November 29, 2021

Purdue Pharma pleads guilty in criminal case

2 min read

Purdue Pharma pleaded guilty Tuesday to three criminal charges, formally taking responsibility for its part in an opioid epidemic that has contributed to hundreds of thousands of deaths but also angering critics who want to see individuals held accountable, in addition to the company.

Steve Miller, chairperson for Purdue’s Board of Directors, admitted via video conference to a federal judge in Newark, New Jersey, that the company had not run an effective program to avoid the illegal diversion of prescription drugs to the black market, had reported misleading information to the U.S. Drug Enforcement Administration to boost its manufacturing quotas and had impeded that agency’s effort to fight the burgeoning epidemic.

It also admitted paying doctors through a speakers program to induce them to write more prescriptions for its painkillers.

And it admitted paying an electronic medical records company to send doctors information on patients that encouraged them to prescribe opioids.

The guilty pleas were entered by Purdue board chairperson Steve Miller on behalf of the company. They were part of a criminal and civil settlement announced last month between the Stamford, Connecticut-based company and the Justice Department.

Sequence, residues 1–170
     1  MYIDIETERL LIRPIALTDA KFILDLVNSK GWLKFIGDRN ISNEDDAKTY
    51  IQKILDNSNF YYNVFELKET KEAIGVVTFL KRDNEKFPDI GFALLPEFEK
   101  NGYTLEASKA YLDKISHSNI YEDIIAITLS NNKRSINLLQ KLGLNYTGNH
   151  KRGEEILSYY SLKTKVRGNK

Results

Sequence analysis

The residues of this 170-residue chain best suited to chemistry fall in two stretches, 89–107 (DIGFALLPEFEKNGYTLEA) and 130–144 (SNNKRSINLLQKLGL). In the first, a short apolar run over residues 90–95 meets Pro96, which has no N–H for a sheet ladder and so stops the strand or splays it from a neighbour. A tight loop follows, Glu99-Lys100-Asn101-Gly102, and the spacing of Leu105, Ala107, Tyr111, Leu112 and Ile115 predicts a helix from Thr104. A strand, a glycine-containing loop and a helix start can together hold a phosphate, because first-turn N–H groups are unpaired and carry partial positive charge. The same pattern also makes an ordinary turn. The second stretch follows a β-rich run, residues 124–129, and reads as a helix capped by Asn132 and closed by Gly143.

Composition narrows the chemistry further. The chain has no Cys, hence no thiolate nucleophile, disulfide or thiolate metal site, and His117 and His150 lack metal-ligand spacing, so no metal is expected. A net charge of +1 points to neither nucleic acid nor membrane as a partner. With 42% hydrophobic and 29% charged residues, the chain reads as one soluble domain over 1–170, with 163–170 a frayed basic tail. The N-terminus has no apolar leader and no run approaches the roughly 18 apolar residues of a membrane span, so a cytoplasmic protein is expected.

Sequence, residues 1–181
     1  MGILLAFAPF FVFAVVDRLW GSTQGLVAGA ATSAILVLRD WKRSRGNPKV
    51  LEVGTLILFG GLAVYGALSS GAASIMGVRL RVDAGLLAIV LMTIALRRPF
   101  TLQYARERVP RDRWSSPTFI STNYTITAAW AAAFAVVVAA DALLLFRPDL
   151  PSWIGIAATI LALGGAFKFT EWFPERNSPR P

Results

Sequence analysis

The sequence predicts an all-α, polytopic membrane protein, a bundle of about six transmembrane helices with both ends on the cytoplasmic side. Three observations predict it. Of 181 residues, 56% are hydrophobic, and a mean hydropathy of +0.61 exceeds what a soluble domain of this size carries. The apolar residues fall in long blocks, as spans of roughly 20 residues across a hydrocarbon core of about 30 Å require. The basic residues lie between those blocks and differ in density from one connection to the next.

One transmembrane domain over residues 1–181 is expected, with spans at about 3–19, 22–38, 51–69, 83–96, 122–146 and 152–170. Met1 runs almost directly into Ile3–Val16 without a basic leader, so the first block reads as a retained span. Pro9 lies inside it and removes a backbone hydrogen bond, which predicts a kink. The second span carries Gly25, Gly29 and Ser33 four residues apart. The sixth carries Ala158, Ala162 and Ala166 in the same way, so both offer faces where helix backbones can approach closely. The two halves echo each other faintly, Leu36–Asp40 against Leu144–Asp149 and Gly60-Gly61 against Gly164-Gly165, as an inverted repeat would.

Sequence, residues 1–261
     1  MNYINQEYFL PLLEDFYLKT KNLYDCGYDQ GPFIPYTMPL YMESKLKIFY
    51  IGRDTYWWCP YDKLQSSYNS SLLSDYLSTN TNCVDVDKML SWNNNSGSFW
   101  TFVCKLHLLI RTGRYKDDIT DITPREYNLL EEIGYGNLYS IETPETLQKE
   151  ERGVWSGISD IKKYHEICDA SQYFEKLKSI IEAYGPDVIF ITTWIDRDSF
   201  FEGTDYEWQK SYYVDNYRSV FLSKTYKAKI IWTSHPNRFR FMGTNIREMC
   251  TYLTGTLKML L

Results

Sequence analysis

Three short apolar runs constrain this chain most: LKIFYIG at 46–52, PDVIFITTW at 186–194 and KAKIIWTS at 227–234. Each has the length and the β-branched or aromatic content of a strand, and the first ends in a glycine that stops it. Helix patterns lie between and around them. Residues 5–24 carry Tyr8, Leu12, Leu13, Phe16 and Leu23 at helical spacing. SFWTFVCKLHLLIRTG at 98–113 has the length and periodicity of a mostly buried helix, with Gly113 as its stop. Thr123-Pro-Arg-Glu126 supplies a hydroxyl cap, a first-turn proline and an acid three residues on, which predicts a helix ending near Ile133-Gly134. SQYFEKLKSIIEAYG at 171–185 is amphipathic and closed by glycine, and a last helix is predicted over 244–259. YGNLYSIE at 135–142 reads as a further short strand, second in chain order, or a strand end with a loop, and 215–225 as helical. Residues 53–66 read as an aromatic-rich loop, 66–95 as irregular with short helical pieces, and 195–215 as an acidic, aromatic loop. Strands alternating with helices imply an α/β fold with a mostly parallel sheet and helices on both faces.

The deal includes $8.3 billion in penalties and forfeitures, but the company is on the hook for a direct payment to the federal government of only a fraction of that, $225 million. It would pay the smaller amount as long as it executes a settlement moving through federal bankruptcy court with state and local governments and other entities suing it over the toll of the opioid epidemic.

Members of the wealthy Sackler family who own the company have also agreed to pay $225 million to the federal government to settle civil claims. No criminal charges have been filed against family members, although their deal leaves open the possibility of that in the future.

“Having our plea accepted in federal court, and taking responsibility for past misconduct, is an essential step to preserve billions of dollars of value” for the settlement it is pursuing through bankruptcy court, the company said in a statement.

“We continue to work tirelessly to build additional support for a proposed bankruptcy settlement, which would direct the overwhelming majority of the settlement funds to state, local and tribal governments for the purpose of abating the opioid crisis,” the statement read.